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Review: Okay for Now by Gary D. Schmidt

Okay for Now
By Gary D. Schmidt
Clarion Books (Houghton Mifflin Harcourt)
ISBN: 9780547152608
Grades 6-8
In Stores

*Best New Book*

Here are the stats from this book:

Memorable voices: one. The book is told from the perspective of eighth grader and devoted Joe Pepitone fan Doug Sweiteck, who moves with his family to Marysville, New York in the summer of 1968.

Members of Doug’s family: five. Doug’s mother, father, older brother Christopher, and oldest brother Lucas, stationed in Vietnam.

Number of unforgettable villains: one. Doug’s dad is one of the most contemptible characters I’ve read. His abuse fills Doug’s home life with tension, anger, and danger.

Number of plates missing from John James Audubon’s Birds of America on display at the Marysville library: nine. Images from this rare book, which catches Doug’s eye immediately, are being sold off by the city. Under the artistic tutelage of one of the librarians Doug begins drawing the birds and soon sets his mind to getting the missing plates back. Audubon’s work serves as a uniting theme throughout the entire book.

Number of classes Doug takes at Washington Irving Junior High School: six. And after a “misunderstanding” with the gym teacher, seven. Things aren’t terrible until Doug’s classmates discover an embarrassing (and truly shocking) secret about him, turning these classes (and especially the moments in between them) into a fight for survival. His life a wreck, Doug struggles to return to okay.

Number of memorable characters: at least two handfuls worth. Lil Spicer, Mrs. Windermere, Coach Reed, Principle Peattie – I could keep on rattling, but you get the picture. Schmidt has a knack for developing memorable characters, adding layers of richness in the process.

Moments that strain the suspension of disbelief: one. It has something to do with a Broadway play. Implausible? I suppose, but a relatively small piece of the story. I think most readers will be willing to take the leap.

Beautifully unexpected moments: too many to count. Schmidt’s book had me feeling more emotion – sadness, happiness, and everything in between – than any other book I’ve read this year.

Libraries that should add Okay for Now to their collection: All of them.

Review copy from library

Watch the Okay for Now book trailer:

(Thanks to Watch. Connect. Read. for the video link)

Also reviewed by A Fuse #8 Production, Anita Silvey’s Children’s Book-A-Day Almanac, Bookends, Jen Robinson’s Book Page, Literate Lives, A Year of Reading, Waking Brain Cells.

Find this book at your local library with WorldCat.

About Travis Jonker

Travis Jonker is an elementary school librarian in Michigan. He writes reviews (and the occasional article or two) for School Library Journal and is a member of the 2014 Caldecott committee. You can email Travis at scopenotes@gmail.com, or follow him on Twitter: @100scopenotes.


  1. Whoa! Gary writes his manuscripts on a typewriter!

  2. This has been my top Newbery pick since I read it back in February! I forced it on my summer book club and can’t wait to get more students to read it!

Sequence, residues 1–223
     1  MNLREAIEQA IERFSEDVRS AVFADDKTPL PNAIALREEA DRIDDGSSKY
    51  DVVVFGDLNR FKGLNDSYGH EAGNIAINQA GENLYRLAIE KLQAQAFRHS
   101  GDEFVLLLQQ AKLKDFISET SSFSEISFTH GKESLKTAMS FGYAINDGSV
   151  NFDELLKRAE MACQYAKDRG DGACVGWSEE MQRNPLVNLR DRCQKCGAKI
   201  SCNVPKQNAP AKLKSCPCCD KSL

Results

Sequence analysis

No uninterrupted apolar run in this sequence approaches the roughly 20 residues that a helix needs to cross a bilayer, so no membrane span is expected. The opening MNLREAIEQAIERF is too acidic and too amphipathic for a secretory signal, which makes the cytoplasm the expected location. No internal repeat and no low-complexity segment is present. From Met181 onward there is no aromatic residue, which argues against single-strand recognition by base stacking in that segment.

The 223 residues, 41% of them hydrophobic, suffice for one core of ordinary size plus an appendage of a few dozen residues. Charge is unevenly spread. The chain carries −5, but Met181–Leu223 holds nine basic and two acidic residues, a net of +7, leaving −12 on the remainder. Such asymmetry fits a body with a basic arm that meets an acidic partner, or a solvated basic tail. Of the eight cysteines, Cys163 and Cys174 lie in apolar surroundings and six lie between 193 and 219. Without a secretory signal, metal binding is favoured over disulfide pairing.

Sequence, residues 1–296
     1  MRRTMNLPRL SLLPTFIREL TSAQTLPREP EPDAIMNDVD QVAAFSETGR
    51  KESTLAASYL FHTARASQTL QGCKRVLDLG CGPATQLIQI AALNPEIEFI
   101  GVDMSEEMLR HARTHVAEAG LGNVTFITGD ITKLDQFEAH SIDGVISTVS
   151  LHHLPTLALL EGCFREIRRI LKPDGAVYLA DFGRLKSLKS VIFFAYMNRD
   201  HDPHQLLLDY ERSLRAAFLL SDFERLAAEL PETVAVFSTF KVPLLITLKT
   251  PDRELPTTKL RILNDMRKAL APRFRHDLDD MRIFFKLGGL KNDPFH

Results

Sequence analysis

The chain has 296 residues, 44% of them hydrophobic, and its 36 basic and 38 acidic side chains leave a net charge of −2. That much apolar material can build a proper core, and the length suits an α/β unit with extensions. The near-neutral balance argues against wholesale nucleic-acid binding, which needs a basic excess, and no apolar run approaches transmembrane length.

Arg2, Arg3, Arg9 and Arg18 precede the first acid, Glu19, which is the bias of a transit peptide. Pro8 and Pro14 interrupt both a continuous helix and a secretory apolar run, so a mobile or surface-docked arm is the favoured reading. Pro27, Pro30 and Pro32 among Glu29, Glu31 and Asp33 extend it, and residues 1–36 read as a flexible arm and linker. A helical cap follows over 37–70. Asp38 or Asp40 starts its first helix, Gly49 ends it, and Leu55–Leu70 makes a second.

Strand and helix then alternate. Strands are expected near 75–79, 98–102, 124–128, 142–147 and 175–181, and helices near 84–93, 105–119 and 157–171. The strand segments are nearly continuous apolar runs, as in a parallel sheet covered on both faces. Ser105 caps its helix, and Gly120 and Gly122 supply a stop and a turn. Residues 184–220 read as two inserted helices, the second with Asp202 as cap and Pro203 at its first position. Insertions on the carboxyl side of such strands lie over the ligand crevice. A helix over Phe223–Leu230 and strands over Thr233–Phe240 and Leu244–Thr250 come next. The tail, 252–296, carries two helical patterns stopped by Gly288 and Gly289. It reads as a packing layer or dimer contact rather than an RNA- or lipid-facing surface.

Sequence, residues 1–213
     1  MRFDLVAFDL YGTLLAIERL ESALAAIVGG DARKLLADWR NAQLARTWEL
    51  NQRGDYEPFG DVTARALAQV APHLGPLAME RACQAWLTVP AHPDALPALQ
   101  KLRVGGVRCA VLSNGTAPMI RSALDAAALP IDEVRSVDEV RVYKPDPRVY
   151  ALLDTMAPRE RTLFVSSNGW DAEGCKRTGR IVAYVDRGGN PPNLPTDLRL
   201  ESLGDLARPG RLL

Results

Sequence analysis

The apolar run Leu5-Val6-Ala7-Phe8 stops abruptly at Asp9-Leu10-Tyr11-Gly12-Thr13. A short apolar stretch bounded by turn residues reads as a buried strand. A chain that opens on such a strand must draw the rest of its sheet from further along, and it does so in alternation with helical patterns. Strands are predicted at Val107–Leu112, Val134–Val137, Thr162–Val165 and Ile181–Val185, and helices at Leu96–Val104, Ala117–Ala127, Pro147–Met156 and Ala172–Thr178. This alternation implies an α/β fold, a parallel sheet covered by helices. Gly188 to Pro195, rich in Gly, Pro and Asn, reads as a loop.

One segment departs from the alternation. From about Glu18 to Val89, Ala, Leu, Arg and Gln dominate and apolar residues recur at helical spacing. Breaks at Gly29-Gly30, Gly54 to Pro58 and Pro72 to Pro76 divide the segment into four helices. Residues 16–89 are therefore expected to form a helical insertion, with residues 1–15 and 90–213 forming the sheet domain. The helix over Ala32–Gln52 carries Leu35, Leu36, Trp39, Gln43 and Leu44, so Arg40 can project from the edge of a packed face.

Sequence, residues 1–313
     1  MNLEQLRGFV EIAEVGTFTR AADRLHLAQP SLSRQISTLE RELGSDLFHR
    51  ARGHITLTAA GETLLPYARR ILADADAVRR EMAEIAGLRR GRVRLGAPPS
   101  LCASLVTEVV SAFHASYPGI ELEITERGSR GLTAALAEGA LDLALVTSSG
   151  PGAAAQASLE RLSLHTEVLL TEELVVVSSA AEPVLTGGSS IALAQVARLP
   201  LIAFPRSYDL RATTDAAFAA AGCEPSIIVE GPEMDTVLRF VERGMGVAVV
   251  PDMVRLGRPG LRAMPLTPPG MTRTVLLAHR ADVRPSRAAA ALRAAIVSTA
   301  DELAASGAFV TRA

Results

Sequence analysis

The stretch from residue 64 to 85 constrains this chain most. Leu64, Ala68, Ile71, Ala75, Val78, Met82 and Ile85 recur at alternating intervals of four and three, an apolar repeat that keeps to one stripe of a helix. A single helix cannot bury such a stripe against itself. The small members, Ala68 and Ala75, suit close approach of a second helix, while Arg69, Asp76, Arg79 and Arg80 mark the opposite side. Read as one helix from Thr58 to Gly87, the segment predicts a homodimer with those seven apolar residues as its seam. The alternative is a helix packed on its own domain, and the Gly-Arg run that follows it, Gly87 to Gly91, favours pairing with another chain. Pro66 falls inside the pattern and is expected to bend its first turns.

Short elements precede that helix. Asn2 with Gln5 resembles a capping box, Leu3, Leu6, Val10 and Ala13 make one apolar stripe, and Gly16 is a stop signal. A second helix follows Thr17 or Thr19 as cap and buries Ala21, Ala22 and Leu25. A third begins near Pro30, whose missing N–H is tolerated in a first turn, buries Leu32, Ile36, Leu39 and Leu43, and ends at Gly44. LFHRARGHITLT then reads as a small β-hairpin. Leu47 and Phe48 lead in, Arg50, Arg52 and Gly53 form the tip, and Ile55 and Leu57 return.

3. Amy Hesterman says

    LOVED THIS BOOK!!! While I think some of the story line is too much for my 6th graders (Christian school), the lunch lady and I couldn’t get enough of precious Doug Sweiteck and his cast of characters in Marysville. We sat together after school in Kindergarten-size chairs and picked apart this delicious story until we absolutely had to go home. I think adults would have a better appreciation for this story than teens. Those of us who grew up in the 70s can’t help but recall the outcomes of the Vietnam War and what it was like to grow up in an era when riding your bike to the library on a Saturday was sweet entertainment. My favorite book of the year hands down!!

  4. I agree, I couldn’t put it down. Such memorable characters that I’ve told everyone I talk to about it. I’m now reading The Wednesday Wars, & can’t believe I missed it when it came out. It, too, is very good. Thanks for the creative way you reviewed!

  5. Is it bad that I’m tickled that he still writes his manuscripts on a typewriter? So. Cool.

    Excellent book, as well.

    • Yeah, the typewriter is awesome – talk about eliminating distractions.

      • I’m just interested that he sees the typewriter as a device to slow his writing process down. (Is there a device for me to speed my writing process up?) And I wonder what a typed, one-of-a-kind first draft means for his revision process. At some point he must move the manuscript over to a computer…before or after he sends it to his editor, I wonder? Unanswered questions!

  6. This book was so beautiful. Best book I’ve read in forever.

  7. This may be a hard sell to children.I have not had any luck getting my own children to read it. Adults seem to be much more fond of historical settings than children are.

  8. With the 2012 Newbery coming up I finally read WEDNESDAY WARS and OKAY back-to-back. Astounding. Not an easy book to sum up, but our review of OKAY is fantastic!!

  9. Terri Sittig says

    Our middle school is reading “Okay For Now” as a school-wide read aloud. This is our first school-wide read and it has been a huge hit. We promoted the book by posting pictures of Joe Pepetone all over the school with a caption asking students if they knew who he was. The entire faculty and staff put bags on their heads and yelled “okay for now” as the kids left for the day. Needless to say, we peeked their interest. We are halfway through the book and grades 5-8 are totally engaged in the story!